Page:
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Adirondackwannabe's avatar

What's the etiquette on sending a Hanukkah card?

Asked by Adirondackwannabe (36713points) September 28th, 2014

My niece is dating a guy who’s Jewish, and I’m feeling out the way. He’s strict when he’s with his family, but not when he’s with us. He ate ham at Easter. He’s a great guy, hope this works out.

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14 Answers

elbanditoroso's avatar

I never do and never have – it’s too much like copying the goyim who send Christmas cards.

If the guy eats ham, it’s difficult to know if the receipt of a Hanukkah card will be meaningful to him.

But if nothing else, THIS WEEK is the middle of the High Holidays – so if you see him, wish him a Good Yomtiv and a Shana Tovah.

Here2_4's avatar

I’m in the dark mostly, but I believe you should try to get it to him before Purim.

gailcalled's avatar

I’ve never either sent or received one. It seems like a weird concept.

Define what you mean by “strict when he is with his family.” Keeping kosher? Following the dietary laws? Going to Synagogue regulaly? Celebrating Shabbos on Friday nights? Not working on the Sabbath? There are at least 50 shades of Jews these days.

Adirondackwannabe's avatar

@gailcalled His mother wants him to be a good Jewish boy, so he follows all the practices when he’s around her. With us we don’t really care, so he likes to experiment with things he never could do around his mother.

Pachy's avatar

I’m sure your niece’s friend would appreciate the gesture. I’ve always sent fun-type Hanukkah snail mail and e-cards to close friends or their kids and certainly don’t consider myself to be copycatting non-Jews who send Christmas cards, or for that matter, any kind of seasonal cards—it’s just a nice thing to do.

Incidentally, many Jews eat ham, including me. I think it’s respectful that this guy follows his family’s traditions when he’s with them and no big deal that he doesn’t when he’s out socially, especially if he’s Reform.

gailcalled's avatar

@Adirondackwannabe: Practices vary from not turning on lights, stove and TV or driving from sundown on Friday night until sundown on Saturday to going to Synagogue only twice a year, at Yom Kippaur and Rosh Hashana. My family used to celebrate the secular side of Christmas and the traditional Hanukkah until our Rabbi read the riot act to my mother. Adieu, tree and decorations and all those gifts. Salut, menorah, gelt, mittens and socks, some books and one medium-sized present.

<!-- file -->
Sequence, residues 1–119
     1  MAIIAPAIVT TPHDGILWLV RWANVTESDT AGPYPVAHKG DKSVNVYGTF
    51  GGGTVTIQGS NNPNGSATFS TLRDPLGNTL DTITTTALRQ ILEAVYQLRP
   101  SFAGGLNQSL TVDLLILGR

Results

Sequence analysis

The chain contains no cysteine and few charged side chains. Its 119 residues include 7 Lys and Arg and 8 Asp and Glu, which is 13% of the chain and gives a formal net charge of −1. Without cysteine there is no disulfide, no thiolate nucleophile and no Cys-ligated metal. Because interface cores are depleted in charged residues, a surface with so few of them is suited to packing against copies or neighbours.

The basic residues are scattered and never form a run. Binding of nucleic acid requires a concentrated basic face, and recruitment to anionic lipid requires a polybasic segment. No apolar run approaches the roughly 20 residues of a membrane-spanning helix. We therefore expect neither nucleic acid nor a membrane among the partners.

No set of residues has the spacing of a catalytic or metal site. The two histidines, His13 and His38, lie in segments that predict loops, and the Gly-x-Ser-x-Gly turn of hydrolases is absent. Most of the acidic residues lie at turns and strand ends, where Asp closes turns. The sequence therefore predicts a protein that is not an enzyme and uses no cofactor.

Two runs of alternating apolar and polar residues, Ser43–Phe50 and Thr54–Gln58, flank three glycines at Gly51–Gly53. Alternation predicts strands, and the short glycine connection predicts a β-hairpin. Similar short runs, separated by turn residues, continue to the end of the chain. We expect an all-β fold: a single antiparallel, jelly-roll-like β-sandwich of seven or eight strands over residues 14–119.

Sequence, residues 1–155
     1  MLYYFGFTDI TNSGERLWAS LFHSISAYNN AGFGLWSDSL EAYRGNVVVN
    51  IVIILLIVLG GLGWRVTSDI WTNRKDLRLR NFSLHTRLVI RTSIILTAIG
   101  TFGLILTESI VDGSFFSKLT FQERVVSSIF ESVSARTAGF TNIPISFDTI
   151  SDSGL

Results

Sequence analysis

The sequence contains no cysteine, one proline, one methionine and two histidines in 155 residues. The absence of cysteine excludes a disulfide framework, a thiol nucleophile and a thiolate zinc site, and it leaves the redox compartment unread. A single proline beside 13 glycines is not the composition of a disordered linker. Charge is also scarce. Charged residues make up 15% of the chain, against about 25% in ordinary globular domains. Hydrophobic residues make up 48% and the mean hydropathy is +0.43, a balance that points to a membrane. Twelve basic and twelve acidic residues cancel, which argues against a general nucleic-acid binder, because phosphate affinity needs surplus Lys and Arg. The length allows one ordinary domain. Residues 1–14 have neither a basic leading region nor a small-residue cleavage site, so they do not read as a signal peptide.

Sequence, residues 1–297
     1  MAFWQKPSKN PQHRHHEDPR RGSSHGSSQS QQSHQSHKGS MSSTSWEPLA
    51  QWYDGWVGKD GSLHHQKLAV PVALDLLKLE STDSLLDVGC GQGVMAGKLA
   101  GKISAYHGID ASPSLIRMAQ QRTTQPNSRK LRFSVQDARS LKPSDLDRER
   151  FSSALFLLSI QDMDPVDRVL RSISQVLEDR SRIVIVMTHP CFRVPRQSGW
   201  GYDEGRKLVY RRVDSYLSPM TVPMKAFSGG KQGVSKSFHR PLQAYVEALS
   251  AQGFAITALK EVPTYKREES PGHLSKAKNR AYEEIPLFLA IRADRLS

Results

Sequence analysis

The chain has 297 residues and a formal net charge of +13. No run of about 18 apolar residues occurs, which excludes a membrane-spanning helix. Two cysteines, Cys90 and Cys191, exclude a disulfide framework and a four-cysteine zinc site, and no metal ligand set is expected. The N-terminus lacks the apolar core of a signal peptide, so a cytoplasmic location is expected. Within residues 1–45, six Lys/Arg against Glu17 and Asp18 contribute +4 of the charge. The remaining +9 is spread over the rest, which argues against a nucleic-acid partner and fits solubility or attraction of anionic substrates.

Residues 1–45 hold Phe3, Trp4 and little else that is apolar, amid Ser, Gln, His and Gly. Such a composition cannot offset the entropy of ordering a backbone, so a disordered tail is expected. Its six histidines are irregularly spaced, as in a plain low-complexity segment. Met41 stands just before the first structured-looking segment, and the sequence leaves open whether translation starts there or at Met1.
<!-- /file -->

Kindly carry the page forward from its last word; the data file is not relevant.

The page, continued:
With some orthodox Jews, there is the wonderful tradition of the Shabbos goy, the guy you Hire to turn on the lights, TV, and stove during shabbos. Traditionally, he lit the fire so you wouldn’t freeze to death in N. Lithuania in your schtetl.

Adirondackwannabe's avatar

@gailcalled Thank you for that. Very interesting and I learned something today.

gailcalled's avatar

—If the guy eats ham when he’s not with his family, that probably means you can ask him questions.

Adirondackwannabe's avatar

Okay good point. I was hesitant to begin a religious discussion at a holiday dinner. I’ll just put out a feeler next time to see how open he is. Thanks.

gailcalled's avatar

Keep it light-hearted. (Are any of your best friends Jewish?)

Adirondackwannabe's avatar

I don’t have any close friends right now that are Jewish. In college have of our fraternity was Jewish. I didn’t try to learn about the different religions back then.

BeenThereSaidThat's avatar

Living in New York I have a lot of Jewish friends and neighbors. During the Holiday Season they send me Christmas cards and I send them Hanukkah Cards. I guess it depends on what part of the country you live in. Here all the card stores sell Hanukkah Cards right next to the Christmas Cards.

If this guy ate ham at Easter at your house he must not be a practicing Jew. There is a world of difference! Did you have any options for the guy to eat? I would have had something for him to eat (not just the ham) if I knew my niece was bringing over her Jewish boyfriend.

SecondHandStoke's avatar

Avoid swastika designs, stamps etc.

gailcalled's avatar

My former mother-in-law, a practicing reform Jew, was scrupulous about the Jewish dietary laws in her own kitchen but happily ate lobster, shrimp and clam chowder at restaurants.

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